Oskar is a bullied lonely teenage boy living with his mother on a housing estate at the edge of town, when a spate of killings rock the neighbourhood.
 Eli is the young girl who has just moved in next door. She doesn’t go to school and never leaves the flat by day. 
Sensing in each other a kindred spirit, the two become devoted friends. What Oskar doesn’t know is that Eli has been a teenager for a very long time …

The onstage re-imagination of the tale, now set in the brisk Scottish Highlands, focuses on the darker elements of the novel, resulting in a deeply chilling piece. The production opens in London’s West End following a sell out run at the Royal Court.

4. Birdland, Royal Court – Press Night 9 April

The last week of a massive international tour and rock star Paul is at the height of his fame. Everybody knows his name. Whatever he wants he can have. He can screw anybody he wants to. He can buy anything he desires. He can eat anything. Drink anything. Smoke anything. Go anywhere.

As the inevitability of the end of the road looms closer, and a return home becomes a reality, for Paul, the music is starting to jar.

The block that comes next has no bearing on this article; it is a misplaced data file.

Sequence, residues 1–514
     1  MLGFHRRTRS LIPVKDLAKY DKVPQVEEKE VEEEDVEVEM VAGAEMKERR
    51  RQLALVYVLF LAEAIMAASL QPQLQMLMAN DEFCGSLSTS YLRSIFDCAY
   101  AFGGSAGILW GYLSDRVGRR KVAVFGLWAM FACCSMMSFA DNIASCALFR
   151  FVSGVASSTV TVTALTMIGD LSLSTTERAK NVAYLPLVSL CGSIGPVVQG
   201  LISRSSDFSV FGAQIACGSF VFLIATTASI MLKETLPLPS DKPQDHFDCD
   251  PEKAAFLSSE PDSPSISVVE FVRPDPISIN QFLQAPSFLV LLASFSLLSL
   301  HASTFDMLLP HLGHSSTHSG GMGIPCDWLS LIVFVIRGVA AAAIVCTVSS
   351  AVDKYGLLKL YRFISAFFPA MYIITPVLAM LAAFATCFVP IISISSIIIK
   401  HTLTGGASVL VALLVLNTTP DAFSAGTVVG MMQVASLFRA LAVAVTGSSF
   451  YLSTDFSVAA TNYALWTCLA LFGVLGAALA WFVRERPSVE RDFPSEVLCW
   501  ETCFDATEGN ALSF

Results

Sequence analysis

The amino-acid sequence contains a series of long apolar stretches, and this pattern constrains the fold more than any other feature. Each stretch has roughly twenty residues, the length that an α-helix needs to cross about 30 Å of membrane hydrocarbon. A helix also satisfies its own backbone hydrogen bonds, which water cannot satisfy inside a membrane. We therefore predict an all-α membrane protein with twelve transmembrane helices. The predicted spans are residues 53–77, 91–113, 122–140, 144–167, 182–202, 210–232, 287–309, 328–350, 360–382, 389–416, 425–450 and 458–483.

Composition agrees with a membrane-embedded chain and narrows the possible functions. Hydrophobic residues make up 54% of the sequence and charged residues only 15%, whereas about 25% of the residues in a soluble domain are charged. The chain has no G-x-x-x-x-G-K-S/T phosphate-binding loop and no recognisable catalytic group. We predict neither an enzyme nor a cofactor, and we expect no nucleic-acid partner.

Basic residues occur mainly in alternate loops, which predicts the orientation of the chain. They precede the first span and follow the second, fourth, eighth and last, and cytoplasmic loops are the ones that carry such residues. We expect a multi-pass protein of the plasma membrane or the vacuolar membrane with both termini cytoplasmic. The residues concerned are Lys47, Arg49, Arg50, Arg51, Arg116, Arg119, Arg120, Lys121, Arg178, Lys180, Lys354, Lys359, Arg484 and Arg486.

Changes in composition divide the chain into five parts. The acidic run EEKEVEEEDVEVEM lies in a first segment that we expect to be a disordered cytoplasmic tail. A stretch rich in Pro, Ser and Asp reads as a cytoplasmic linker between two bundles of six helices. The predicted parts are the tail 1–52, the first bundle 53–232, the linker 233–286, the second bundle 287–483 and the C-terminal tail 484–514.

A piercing new play looking at empathy, money and fame. A new Simon Stephens play is always an “event” and this should be no exception. Andrew Scott stars as Paul.

5. Handbagged, Vaudeville – Press Night 10 April

The monarch – Liz. Her most powerful subject – Maggie. Two enduring icons, born six months apart. One destined to rule, the other elected to lead. One believed there was no such thing as society. The other had vowed to serve it.

Handbagged focuses on two very powerful and iconic British women, Queen Elizabeth II and Margaret Thatcher, looking at them as individuals and at their working relationship. What did the world’s most powerful women talk about behind closed palace doors?

Handbagged is a new play written by Moira Buffini and directed by Indhu Rubasingham, Artistic Director of the Tricycle Theatre. The production opens in London’s West End following a sell out run at the Tricycle Theatre.

6. King Charles III, Almeida – Press Night 10 April

Queen Elizabeth II is dead. After a lifetime of waiting, the Prince of Wales ascends the throne as King Charles III. A future of power but how to rule?

Mike Bartlett’s controversial new play explores the people beneath the crowns, the unwritten rules of our democracy, and the conscience of Britain’s most famous family.

The production is a World Premiere and is directed by Rupert Goold, Artistic Director of the Almeida Theatre. The production has a stellar cast including Oliver Chris, Adam James, Tim Pigott-Smith and Tom Robertson.

7. Privacy, Donmar Warehouse – Press Night 22 April

Is there really such a thing as privacy anymore?

James Graham’s new play Privacy investigates the digital age and explores how governments and corporations collect and use our personal information, and what that means for our security, our identity and our future.